Be careful what you say in print or on the internet. You might find yourself caught up in a grassroots movement. My latest transgression was an opinion piece about Seattle’s need for ways to honor its admirable women.
My story, titled “Put Women on a Pedestal,” appeared on PostAlley on April 15. The thesis was straightforward: Seattle has dozens of statues and homages to men — a motley bunch ranging from Norse Explorer “Leif the Lucky” Erickson to baseball’s Ken Griffey Jr. But the city has few statuary tributes to women.
When surveying public art, I could count only three recognitions: a statue to Sadako Sasaki, a Hiroshima survivor; a tribute to Hannah Newman whose husband placated her with a plaque on the side of the Washington Athletic Club; and a pair of seldom-operable fountains dedicated to Nellie Cornish, founder of Cornish College for the Arts. Since then, I’ve learned there is one other tribute: Dr. Blanche Lavizzo Park, a strip of land at the intersection of East Jackson Street and East Yesler Way. The park has an image of Dr. Lavizzo, who was the state’s first Black woman pediatrician and medical director of the Odessa Brown Children’s Clinic
But four tributes is pathetic, given so many outstanding Seattle women. This absence of women from public art has consequences. Does it really matter? Yes, it does. It sends a message that women are not as important as men. Without some recognition it can be difficult for women to think of themselves as worthy.
My story on women needing a pedestal had just appeared when I heard from a distinguished group — a bunch of older women who live and sometimes work downtown. They call themselves “The Walkers” and they exercise early mornings and typically start the day with coffee at a Belltown Starbucks. One of the “walkers,” Betty Winfield, an emeritus professor of political communication history, called and asked me to stop by to “lead a discussion on the issue.”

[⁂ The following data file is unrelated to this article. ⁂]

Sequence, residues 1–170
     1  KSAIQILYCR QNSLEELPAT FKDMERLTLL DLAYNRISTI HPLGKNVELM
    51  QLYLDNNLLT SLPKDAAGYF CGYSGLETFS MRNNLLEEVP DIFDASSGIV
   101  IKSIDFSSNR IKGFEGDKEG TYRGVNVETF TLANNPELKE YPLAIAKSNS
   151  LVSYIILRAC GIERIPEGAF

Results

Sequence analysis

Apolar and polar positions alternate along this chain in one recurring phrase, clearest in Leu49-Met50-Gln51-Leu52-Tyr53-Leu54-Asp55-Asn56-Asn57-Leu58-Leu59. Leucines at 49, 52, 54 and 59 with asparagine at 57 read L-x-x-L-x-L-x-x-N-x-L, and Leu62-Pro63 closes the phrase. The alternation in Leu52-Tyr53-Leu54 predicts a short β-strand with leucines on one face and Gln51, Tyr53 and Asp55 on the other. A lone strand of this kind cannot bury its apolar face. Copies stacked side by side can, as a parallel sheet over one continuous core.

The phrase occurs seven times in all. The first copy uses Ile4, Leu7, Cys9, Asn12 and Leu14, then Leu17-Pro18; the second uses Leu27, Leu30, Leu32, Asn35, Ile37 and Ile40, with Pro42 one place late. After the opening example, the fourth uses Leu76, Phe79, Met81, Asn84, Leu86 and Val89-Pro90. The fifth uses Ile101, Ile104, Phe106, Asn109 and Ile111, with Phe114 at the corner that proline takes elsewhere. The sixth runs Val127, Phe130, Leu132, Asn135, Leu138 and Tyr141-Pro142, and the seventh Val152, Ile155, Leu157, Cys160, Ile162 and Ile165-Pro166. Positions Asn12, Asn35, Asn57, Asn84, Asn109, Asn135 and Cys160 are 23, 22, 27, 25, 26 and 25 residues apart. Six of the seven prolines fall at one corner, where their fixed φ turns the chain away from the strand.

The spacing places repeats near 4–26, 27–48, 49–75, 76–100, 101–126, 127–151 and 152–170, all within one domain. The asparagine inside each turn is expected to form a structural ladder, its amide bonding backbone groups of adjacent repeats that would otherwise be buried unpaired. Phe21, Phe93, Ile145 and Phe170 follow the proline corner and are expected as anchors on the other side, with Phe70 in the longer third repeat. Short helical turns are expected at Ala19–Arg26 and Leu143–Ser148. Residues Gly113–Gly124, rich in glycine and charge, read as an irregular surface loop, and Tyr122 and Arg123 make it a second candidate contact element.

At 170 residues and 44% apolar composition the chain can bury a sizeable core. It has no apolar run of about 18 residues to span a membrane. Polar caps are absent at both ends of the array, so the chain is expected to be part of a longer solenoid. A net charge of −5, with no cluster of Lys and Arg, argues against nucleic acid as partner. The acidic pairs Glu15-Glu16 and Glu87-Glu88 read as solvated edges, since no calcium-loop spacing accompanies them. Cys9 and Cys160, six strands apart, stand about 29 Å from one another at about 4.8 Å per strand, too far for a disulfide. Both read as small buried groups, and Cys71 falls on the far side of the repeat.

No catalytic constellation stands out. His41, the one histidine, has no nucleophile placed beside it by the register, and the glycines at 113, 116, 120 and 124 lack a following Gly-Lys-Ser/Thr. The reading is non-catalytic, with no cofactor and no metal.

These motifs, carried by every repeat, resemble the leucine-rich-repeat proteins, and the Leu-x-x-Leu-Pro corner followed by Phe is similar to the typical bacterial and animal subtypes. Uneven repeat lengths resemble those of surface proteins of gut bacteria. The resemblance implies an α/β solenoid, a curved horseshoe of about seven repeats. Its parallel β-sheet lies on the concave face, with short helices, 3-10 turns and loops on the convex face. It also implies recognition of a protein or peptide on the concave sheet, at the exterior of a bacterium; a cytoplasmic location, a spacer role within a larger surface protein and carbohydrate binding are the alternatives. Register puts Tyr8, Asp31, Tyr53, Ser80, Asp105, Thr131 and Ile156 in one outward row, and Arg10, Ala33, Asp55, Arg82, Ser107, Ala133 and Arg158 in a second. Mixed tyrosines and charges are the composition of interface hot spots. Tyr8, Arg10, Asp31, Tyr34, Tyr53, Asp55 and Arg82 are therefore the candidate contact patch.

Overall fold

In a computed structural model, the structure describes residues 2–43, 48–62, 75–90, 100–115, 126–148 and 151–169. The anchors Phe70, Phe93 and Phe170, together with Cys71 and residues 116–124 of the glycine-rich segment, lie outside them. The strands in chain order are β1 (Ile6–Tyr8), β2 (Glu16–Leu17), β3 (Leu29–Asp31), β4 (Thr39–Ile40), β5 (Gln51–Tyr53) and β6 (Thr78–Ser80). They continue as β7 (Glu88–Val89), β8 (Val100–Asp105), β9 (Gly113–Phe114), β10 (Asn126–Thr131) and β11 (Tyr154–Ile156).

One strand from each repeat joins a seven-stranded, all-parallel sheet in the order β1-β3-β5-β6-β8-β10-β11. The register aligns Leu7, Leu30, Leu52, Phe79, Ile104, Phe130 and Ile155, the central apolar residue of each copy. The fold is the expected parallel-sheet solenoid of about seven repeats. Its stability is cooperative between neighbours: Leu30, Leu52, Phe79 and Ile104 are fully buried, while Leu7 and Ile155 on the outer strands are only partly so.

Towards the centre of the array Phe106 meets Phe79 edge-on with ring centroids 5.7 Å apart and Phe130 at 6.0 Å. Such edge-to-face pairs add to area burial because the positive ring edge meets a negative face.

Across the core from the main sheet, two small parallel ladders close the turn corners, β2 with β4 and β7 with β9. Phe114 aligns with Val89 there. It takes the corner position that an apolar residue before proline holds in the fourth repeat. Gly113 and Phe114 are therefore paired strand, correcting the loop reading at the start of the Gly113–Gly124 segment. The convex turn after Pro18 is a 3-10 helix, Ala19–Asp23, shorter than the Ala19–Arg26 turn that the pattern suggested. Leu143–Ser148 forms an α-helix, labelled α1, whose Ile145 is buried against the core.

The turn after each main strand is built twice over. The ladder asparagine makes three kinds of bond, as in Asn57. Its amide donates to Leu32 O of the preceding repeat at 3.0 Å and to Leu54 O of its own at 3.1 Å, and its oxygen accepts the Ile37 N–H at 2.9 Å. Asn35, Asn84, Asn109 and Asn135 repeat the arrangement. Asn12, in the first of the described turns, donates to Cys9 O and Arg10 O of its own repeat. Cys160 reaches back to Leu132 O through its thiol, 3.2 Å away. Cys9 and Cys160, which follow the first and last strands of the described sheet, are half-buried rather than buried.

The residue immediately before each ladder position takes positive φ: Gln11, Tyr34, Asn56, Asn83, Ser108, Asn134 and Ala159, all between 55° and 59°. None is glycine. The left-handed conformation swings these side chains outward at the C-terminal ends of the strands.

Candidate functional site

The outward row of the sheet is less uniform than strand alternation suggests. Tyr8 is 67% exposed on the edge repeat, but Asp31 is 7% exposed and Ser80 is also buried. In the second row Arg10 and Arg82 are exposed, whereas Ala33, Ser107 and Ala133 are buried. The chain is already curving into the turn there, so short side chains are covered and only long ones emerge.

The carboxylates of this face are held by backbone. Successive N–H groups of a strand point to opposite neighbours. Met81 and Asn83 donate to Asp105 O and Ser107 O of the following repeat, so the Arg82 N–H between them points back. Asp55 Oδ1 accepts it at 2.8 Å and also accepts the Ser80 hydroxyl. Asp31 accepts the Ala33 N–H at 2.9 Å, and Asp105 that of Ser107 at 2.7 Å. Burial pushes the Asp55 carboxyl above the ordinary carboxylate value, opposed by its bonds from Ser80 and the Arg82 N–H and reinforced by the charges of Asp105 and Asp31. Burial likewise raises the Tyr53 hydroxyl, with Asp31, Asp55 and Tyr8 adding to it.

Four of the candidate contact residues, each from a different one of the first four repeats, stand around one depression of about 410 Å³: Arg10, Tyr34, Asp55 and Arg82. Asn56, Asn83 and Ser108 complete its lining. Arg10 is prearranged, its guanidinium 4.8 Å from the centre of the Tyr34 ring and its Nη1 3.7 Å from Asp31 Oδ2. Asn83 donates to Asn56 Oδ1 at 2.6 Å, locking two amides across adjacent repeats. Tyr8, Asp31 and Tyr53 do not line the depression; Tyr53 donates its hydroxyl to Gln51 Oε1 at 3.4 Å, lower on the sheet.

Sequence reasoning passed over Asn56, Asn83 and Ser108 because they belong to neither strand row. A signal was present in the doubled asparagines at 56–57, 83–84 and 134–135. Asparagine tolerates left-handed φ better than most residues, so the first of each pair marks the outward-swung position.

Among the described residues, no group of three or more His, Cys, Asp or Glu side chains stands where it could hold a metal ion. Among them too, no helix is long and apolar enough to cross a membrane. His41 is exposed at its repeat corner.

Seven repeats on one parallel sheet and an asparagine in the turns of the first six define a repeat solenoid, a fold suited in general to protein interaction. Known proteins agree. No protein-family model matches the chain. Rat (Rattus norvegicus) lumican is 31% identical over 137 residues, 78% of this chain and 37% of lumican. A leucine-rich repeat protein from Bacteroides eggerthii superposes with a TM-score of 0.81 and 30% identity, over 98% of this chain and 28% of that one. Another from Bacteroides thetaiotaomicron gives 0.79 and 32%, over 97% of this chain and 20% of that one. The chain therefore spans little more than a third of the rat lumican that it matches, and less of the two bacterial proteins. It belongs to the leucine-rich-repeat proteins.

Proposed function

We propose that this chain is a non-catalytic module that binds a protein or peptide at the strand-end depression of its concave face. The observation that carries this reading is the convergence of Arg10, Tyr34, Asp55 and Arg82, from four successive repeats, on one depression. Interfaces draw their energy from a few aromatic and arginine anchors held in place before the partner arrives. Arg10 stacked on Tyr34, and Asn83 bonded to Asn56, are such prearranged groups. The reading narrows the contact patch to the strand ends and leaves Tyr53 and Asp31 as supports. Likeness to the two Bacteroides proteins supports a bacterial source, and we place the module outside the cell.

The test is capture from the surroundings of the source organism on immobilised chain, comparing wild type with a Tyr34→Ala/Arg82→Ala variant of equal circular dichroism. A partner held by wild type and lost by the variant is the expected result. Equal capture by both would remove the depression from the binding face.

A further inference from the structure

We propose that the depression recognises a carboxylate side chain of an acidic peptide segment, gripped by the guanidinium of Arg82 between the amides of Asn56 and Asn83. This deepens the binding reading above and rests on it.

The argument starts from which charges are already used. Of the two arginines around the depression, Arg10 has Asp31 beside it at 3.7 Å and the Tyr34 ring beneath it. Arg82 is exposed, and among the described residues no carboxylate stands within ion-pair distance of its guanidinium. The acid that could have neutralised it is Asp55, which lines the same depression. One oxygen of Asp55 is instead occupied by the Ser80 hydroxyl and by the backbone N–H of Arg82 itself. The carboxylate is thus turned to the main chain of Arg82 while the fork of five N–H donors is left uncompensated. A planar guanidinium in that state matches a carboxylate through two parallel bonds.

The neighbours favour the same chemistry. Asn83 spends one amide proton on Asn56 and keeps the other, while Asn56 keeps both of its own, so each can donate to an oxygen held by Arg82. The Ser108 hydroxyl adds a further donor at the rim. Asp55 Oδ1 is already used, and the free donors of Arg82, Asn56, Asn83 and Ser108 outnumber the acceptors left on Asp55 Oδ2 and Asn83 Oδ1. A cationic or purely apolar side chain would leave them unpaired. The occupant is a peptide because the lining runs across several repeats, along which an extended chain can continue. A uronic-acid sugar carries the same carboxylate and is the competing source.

I was intrigued enough to show up on a recent May morning. The group was awesome – a gray-headed but vigorous crew of about 15 active seniors. For example there was Wanda Herndon, a retired Starbucks vice president. In retirement, Herndon, who is a published poet, founded W Communication, a PR agency that works with clients like Lululemon and Starbucks.
Dr. Winfield introduced some of the group members and started the ball rolling by asking for names of women who deserve more public recognition. Dozens of standouts from almost every walk of life were suggested. Typical of proposals were jazz and blues singer Ernestine Anderson, former Interior Secretary Sally Jewel, King County Councilmember Ruby Chow, Total Experience Gospel Choir’s Pat Wright, visual artist Barbara Earl Thomas, Sen. Patty Murray, KING Broadcasting founder Dorothy Bullitt, Heart’s Ann and Nancy Wilson, UW geneticist Mary Claire King, and women in tech like Microsoft alums Patty Stonesifer and Trish Dziko.
One of the walkers wondered why Doris Chase’s contributions to public art like “Changing Form” at Queen Anne’s Kerry Park isn’t accompanied by a tribute to the artist. But another walker quickly explained Seattle has a policy banning monuments in city parks. (How unlike cities such as New York City, which recently installed a statue of three women suffrage leaders in Central Park.) Seattle Parks once ruled a park couldn’t be named for anyone unless that individual had been dead for at least five years.
Ah, but rules can be broken: Sand Point Park, a former Naval Air Station, was renamed Warren G. Magnuson Park in 1977 while Maggie (who helped secure the surplus facility for Seattle) was still serving as a powerful U.S. senator. And there is Jim Ellis Freeway Park, honoring the then-still-alive founder of the park.
Realizing that city parks may be out as a locale for statues of women, The Walkers thought about other possible venues: greenspaces, light rail stations, and privately-owned public spaces like plazas. Equipped with the morning’s array of suggestions, they quickly turned to how to fund statues of women. Several thought that, with luck, some billionaire would come forward to remedy the city’s failure to honor women leaders. They spoke about how some savvy politician — mayor or councilmember — might take on the project. Such an issue could be a political winner even in a time of strained city budgets.
The Walkers also broached the idea that someone might start a “go-fund-me” campaign to collect contributions for a tribute to women leaders. This being Seattle, there soon were suggestions for a task force.
Will the idea of more equitable art have legs? Perhaps. So far no one has volunteered to spearhead such a campaign, but the seed has been planted. There’s growing agreement Seattle should remedy its failure to recognize women and take steps to ensure all members of the community feel seen and valued.